There are few players in the southern African cannabis industry that don’t have scars to show from the past few years as the sector has struggled to get off the ground. But those who’ve had deep pockets and have managed to stay the way are set to benefit from a new momentum in the medical cannabis export sector as new investments come in and international demand rises.
There feels like renewed hope in the southern African medical cannabis sector with at least a billion rand of capital investment that has been pledged in recent months. Most of the new investment is going into boosting export production and increasingly it’s evident that the money to be made lies in creating value-added products for the international market rather than just by securing offtake agreements for raw flower.
In the last month there have been three significant investment pledges in the SA medical cannabis industry that are potential economic drivers for Centurion in Gauteng, and KwaZulu Natal, while the Western Cape has its own dynamic where the value chain is more developed.
Leading the new charge in coughing up fresh cash for the SA cannabis industry is Nigerian entrepreneur and SafriCanna founder, Bashid Haidar who’s commitment of around R720 million (US$40 million) to the company’s Centurion facility may be a game changer for the area. He’s expanding capacity by acquiring more land so as to produce up to 25 tons of medical cannabis within five years’ time.
In the area is also Cilo Cybin’s facility, which is the only South African holder of all three types of SAHPRA cannabis licenses. Founder Gabriel Theron intends trying to relist it on the JSE as a Special Acquisition Vehicle with the support of Malaysian biotech company…., who have underwritten the initiative with R54 million.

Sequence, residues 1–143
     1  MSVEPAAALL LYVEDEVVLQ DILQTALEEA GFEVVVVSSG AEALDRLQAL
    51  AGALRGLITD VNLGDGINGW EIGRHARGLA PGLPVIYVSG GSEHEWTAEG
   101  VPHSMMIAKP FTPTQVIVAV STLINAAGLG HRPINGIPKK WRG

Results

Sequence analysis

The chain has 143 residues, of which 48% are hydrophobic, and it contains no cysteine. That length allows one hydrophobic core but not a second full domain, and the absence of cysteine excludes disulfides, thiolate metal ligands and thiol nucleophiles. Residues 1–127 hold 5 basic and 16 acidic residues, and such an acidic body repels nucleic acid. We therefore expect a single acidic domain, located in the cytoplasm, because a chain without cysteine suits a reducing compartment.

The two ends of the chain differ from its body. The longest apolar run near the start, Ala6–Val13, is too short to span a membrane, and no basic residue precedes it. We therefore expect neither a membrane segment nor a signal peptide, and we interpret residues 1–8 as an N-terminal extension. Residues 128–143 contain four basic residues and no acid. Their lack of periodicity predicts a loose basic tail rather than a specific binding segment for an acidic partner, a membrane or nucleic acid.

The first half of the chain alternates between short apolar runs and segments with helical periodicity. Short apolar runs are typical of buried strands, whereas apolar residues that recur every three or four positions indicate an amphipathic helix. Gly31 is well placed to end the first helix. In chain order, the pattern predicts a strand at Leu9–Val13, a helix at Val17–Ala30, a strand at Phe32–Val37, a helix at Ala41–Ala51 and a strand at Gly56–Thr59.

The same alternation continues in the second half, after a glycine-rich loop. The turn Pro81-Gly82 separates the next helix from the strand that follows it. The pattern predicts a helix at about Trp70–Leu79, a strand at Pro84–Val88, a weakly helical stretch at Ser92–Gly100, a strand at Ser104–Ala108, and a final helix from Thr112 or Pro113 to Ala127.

One of Theron’s business aims is for Cilo Cybin to be a third party manufacturer/processor for other cannabis enterprises as well as develop his own product range.
Between these two companies’ investment plans for the Centurion/Midrand area, there will be a plethora of support services that will be required, ranging from scientific support to product purchasing. These will generate new entrepreneurial opportunities across the cannabis value chain and will go some way to creating new jobs.
Many stakeholders were cynical of President Cyril Ramaphosa’s February 2023 State of the Nation Address (SONA) in which he recommitted himself to creating an inclusive and job creating cannabis regulatory framework.
He backed up his words with introducing cannabis for the first time to his Presidential Investment Conference in March 2023, and secured a pledge there from Tri Medi Canna to invest R121 million to build a cannabis and hemp industrial park in KwaZulu Natal. He’s also said there’s a high-level finance team working behind the scenes to put together a blended financing scheme involving public and private sector funding and a blend of loans and grants.
In the last month or so, state legislators have indicated that cannabis is going to be removed from the “scope and purview” of the Drugs and Drug Trafficking Act of 2022, which will be a major impediment-remover for cannabis financing.
This has been a frustrating bone of contention for cannabis stakeholders and the fact that the State is doing a U-turn on cannabis being listed as a scheduled, undesirable substance just three months after bringing the Bill into law, shows that someone in the corridors of power is actually listening.
Much credit for this must go to the President’s cannabis advisor Garth Strachan, who has been working hard behind the scenes to try and align different government departments behind a single cannabis strategy.
It’s believed he was instrumental in getting cannabis investment included for the first time in South Africa’s country investment strategy but has warned that the wheels of trying to establish a “sunrise” industry inevitably grind slowly.